Winnie Wilkinson started Winnie’s International Market after finding a lack of spice options in St. Albans.

ST. ALBANS CITY — A card table. A sewing machine. An email.  

Throughout Winnie Wilkinson’s life, such simple things changed her trajectory and impacted entire villages along the way.

“When you start a business, you don't know where you’ll end up, and you don’t know the lives you’ll change,” she said. 

At 61, Wilkinson runs Winnie’s International Market—an online store specializing in rare spices and African-made clothing. She got her business started at a St. Alban’s farmers market. 

Wilkinson’s story in Vermont began in 2001. Prior to moving, she had been living in New York City and working at Citigroup, but the events of Sept. 11 caused her to re-evaluate her life. She wanted to find somewhere safe. Vermont seemed like a natural fit. 

Culturally, however, it was a struggle. Even with her experience, it was difficult to find a job in the area. Because of her roots in the Caribbean, she has a strong accent, and she said local banks had concerns about hiring her. 

She had also come with certain expectations about city life that St. Albans didn’t have in 2002. The calls she placed to order Chinese takeout or laundry delivery were met with confusion. And she just couldn’t find a reliable source of international spices, such as curry powder, jerk seasoning and garam masalas.

“It was a rude awakening,” she said.

A friend suggested that it was a business opportunity. Wilkinson grabbed a $25 supply, borrowed a card table and set up a space at the farmer’s market. At her first outing, she sold out. That’s when Winnie’s International Seasonings was born.

Visiting Ghana

Wilkinson’s business evolved a second time after she sought out DNA evidence of her heritage, which pointed her towards Ghana and Togo. 

“There was this yearning to get to know more,” she said.

She sent out an email to start a conversation with people in that area, and eventually, she sent a sewing machine—one she didn’t want in the first place. They invited her for a visit.

She remembers when she got off the airplane for the first time in Ghana. The people waiting for her had made a sign with her name, and as she approached, they looked over her head trying to spot a white person, she said, because of her anglicized name.

When she introduced herself, the Ghanaian woman fell to Wilkinson’s feet to thank her for the gift she sent before her arrival.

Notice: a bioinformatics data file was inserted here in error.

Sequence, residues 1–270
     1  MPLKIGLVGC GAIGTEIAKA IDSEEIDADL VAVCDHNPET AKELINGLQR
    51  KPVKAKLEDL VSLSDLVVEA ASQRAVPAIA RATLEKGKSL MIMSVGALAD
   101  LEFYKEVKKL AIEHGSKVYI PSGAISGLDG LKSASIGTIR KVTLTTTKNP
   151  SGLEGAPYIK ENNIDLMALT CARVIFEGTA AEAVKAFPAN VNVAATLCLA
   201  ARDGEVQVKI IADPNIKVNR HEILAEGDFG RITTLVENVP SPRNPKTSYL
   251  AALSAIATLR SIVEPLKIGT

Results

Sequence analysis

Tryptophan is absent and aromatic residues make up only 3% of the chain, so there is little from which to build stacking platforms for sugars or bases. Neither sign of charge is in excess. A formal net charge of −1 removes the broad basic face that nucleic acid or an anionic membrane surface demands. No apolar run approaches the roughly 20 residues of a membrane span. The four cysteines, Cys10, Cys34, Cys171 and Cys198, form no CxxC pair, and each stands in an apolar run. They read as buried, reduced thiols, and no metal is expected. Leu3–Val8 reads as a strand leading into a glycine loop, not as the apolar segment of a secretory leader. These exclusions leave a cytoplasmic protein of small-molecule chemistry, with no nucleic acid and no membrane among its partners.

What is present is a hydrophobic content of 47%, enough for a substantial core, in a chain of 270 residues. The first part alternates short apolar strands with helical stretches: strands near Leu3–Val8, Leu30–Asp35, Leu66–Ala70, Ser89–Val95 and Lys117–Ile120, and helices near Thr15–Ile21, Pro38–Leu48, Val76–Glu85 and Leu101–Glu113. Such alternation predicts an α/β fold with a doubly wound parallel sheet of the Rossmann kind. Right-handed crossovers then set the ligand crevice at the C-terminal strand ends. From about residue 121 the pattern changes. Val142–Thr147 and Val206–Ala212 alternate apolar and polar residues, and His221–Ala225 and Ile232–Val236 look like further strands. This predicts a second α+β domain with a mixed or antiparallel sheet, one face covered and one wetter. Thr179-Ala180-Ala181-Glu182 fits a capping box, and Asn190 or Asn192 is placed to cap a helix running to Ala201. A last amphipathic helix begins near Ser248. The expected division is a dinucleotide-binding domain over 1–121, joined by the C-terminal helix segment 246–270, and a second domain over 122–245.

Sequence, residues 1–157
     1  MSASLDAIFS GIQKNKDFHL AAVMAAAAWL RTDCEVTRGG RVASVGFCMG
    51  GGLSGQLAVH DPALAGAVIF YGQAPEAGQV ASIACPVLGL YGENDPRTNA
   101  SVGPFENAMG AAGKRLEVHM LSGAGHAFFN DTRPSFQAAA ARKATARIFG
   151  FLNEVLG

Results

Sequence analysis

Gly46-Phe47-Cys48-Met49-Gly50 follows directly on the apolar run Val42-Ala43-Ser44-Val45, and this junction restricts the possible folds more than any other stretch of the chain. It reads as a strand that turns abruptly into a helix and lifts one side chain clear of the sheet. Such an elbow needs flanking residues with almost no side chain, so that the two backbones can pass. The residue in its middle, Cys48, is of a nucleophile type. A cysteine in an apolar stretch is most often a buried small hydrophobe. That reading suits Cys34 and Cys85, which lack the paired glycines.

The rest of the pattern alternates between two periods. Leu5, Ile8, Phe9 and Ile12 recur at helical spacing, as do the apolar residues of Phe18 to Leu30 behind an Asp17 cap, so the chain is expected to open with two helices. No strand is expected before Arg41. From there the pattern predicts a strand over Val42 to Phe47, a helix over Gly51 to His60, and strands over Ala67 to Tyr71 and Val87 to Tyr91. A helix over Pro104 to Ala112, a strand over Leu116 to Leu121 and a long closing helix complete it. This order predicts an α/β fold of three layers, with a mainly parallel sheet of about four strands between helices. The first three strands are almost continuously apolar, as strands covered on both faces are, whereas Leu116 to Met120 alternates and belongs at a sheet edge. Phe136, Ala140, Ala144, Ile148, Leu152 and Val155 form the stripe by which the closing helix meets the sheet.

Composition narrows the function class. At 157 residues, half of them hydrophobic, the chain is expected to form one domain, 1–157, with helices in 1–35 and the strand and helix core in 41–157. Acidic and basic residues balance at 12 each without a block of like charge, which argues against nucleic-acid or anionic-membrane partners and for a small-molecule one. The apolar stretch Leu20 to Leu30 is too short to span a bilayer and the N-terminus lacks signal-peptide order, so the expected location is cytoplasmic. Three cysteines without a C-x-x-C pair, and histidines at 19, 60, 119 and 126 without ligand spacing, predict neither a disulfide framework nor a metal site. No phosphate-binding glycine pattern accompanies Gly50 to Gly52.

“The sewing machine changed her life,” Wilkinson said.

In return, the time Wilkinson spent in Africa changed her life, and the cultural exchange opened up her worldview. She witnessed communal life and built relationships with those she met. She learned Ghanaian dances and wore Ghanaian clothes. She ate Ghanaian food, and she watched how they used their resources to ensure that nothing was wasted. Even hooves and horns found a purpose.

“I’ve learned so much — that what I have is more than enough. And I’ve learned to share. Accumulating wealth is not happiness,” Wilkinson said. “I’ve learned to live with what I need.”

The economic realities also showed her where she could help. Instead of forcing American methods of production on those she met in Ghana, she could help connect them to American markets without devaluing what they do.

“They must be paid for their trade,” she said. “Why is it that they have to change everything for the international traveler?”

Her experiences overseas also helped her understand her own past. The government of Ghana has made efforts to connect with the descendants of the African diaspora, and while in the country, she took time to visit historical sites associated with slavery’s origin. 

She recalled touring the small holding areas—18-by-18 foot spaces meant to house 1,000 men — used to process slaves before they were shipped west, and as she made her way through the complex, she could empathize with the pain of those historical events.

Bridging cultural gaps

Today, she uses those experiences she had in Ghana to try to bridge cultural gaps and create the conversations needed for people to understand each other, their cultures and their histories.

Wilkinson said such work can be accomplished in St. Albans. She serves on the City’s Police Advisory Board to help break down sometimes unseen assumptions and embrace change.

She’s also planning an international festival to celebrate the cultural heritages of peoples around the world, including those living in St. Albans. The festival is scheduled for the last weekend of Oct. 2022 and will be held at the Collins-Perley Sports Complex.

“It is something so needed for the area,” she said. “We’ve come a long way, but we have got to exist to coexist. Let’s sift it out to come to a place of common knowledge.”

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